Dr Richard Quilliam is senior lecturer in Environmental Biology, with research interests in agroecology & rural development, environmental pathogen ecology, water quality, conflicting ecosystem services, sustainable agriculture & aquaculture, and sustainable disease & waste management. His work adopts methods and theories from both the natural & social sciences and employs both qualitative & participatory approaches with a significant level of engagement with local communities. Previous research has combined molecular biology, microscopy and physiological & biochemical methods to answer agroecological and catchment scale questions that have been driven by the dynamics inherent to particular land-uses.
2016 – Senior Lecturer in Environmental Biology & Sustainable Development
2012-2016. Lecturer (University of Stirling)
2007-2012. Post-doctoral Research Associate (Bangor University)
2007 – PhD. Plant Physiology & Pathology (University of Sheffield)
2002 – BSc. Plant Biology (Bangor University)
Much of my research is at the interface of agriculture and the environment and focuses on a number of sustainability and disease-related topics. A central theme of my research is to understand how changes in agricultural practices and land-use, together with projected climate change, effect nutrient cycling & ecosystem functioning and increase the risk of exposure to pathogens. I have a strong research background in Environmental Pathogen Ecology, and water & soil pollution caused by the carriage, survival & cycling of zoonotic pathogens and enteric diseases through agro-ecosystems and aquatic environments. Much of my work is carried out in the context of sustainable agriculture and food & water security and is underpinned by a significant level of engagement with the local community and a wide range of stakeholders.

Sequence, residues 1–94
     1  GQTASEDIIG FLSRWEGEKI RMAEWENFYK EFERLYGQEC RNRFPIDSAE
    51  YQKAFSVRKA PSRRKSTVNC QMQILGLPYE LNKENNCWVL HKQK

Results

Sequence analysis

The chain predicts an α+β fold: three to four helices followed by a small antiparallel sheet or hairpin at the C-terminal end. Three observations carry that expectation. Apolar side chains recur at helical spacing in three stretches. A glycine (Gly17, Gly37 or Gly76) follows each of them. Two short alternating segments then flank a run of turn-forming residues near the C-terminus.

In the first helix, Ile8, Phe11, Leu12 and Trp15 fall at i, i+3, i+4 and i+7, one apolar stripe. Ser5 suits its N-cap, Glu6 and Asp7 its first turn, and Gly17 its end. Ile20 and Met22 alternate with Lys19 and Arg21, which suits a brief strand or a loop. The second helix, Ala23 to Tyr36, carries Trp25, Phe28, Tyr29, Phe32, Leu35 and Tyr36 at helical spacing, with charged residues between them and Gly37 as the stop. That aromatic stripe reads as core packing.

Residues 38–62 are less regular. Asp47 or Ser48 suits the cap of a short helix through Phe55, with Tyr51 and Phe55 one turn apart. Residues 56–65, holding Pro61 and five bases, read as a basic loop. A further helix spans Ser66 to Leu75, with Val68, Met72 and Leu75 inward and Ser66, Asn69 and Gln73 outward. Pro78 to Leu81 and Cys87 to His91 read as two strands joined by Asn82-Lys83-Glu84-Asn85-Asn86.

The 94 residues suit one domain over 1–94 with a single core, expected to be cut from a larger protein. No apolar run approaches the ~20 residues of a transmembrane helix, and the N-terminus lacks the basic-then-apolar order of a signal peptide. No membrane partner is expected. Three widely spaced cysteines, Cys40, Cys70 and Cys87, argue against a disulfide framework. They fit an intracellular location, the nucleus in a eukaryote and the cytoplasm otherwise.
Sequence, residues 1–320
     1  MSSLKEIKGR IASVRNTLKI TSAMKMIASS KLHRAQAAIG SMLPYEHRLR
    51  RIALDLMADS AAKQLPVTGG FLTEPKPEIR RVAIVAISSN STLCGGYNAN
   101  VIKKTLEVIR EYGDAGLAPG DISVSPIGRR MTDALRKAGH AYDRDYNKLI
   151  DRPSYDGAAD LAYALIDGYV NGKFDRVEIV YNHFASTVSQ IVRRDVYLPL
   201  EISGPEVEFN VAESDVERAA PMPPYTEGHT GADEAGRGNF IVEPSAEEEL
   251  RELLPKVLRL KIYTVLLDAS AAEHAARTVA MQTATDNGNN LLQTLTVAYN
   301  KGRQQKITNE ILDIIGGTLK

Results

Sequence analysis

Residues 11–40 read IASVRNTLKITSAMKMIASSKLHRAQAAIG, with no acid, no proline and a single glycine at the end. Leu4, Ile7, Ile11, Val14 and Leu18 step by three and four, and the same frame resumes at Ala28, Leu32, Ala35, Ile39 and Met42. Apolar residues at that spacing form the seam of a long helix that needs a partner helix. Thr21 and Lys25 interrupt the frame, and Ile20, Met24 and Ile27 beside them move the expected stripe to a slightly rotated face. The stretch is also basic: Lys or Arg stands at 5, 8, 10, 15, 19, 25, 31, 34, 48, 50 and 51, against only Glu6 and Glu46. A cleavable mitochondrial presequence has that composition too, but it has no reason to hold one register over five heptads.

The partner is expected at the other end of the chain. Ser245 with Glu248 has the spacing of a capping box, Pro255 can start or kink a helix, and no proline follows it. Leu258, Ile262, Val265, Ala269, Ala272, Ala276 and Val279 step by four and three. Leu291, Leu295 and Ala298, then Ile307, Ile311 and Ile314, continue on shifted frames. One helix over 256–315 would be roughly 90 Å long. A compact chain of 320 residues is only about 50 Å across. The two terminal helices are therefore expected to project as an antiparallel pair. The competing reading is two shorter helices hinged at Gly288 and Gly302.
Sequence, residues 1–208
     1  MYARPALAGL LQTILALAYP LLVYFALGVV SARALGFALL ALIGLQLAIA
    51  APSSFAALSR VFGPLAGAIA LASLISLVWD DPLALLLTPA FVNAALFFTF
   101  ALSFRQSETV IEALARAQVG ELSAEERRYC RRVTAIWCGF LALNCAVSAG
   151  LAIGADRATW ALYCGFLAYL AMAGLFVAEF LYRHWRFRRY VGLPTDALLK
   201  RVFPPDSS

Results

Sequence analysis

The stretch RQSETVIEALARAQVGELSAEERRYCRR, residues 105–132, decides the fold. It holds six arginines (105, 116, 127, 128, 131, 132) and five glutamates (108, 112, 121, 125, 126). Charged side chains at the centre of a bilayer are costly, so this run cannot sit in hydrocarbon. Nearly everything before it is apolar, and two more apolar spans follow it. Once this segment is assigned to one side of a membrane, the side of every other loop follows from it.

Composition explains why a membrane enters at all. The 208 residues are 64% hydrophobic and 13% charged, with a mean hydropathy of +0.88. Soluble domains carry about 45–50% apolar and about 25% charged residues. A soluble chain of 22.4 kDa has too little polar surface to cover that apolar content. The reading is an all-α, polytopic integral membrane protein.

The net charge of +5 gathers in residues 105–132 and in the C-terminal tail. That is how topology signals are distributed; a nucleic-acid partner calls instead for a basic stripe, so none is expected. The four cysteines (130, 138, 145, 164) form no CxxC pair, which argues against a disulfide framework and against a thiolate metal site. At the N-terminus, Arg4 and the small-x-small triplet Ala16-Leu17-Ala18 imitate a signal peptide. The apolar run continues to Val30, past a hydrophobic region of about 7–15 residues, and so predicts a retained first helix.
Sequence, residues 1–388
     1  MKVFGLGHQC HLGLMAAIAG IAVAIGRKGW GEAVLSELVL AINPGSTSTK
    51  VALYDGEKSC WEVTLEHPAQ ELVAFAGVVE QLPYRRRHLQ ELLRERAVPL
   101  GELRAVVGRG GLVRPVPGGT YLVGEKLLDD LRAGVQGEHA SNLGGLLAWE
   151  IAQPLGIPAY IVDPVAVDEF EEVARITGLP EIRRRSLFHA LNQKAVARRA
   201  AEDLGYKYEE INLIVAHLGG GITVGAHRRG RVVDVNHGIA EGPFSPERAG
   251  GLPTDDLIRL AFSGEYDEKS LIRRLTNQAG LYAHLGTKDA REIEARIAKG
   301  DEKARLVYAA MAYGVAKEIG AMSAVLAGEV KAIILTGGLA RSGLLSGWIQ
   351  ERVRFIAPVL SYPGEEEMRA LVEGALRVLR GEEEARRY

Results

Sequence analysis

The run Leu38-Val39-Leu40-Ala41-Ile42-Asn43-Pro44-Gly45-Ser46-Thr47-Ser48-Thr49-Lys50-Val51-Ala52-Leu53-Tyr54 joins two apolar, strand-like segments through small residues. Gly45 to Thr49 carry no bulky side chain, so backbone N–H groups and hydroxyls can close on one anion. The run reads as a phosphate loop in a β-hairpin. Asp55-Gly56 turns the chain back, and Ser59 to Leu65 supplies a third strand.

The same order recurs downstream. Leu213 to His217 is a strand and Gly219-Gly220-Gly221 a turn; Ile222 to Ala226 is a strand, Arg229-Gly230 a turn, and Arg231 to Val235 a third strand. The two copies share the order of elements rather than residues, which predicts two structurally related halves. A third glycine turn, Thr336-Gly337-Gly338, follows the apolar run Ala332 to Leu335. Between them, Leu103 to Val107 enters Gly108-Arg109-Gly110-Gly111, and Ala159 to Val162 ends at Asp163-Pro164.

Current research interests
- Approaches for using human faecal wastes for amending peri-urban agricultural soils, and as feedstock for rural anaerobic digestion systems
- “On-farm” seed priming as part of a sustainable & integrated disease management strategy for adoption by resource-poor farmers
- Insect larvae & waste management: adding value to sustainable insect production
- Survival dynamics of zoonoses in soil and water and the cycling of enteric zoonoses through agri-environments
- Nutrient cycling in the rhizosphere, and the role of soil microorganisms under projected climate change conditions
- Using indigenous knowledge to sustainably increase productivity of agricultural systems in resource poor environments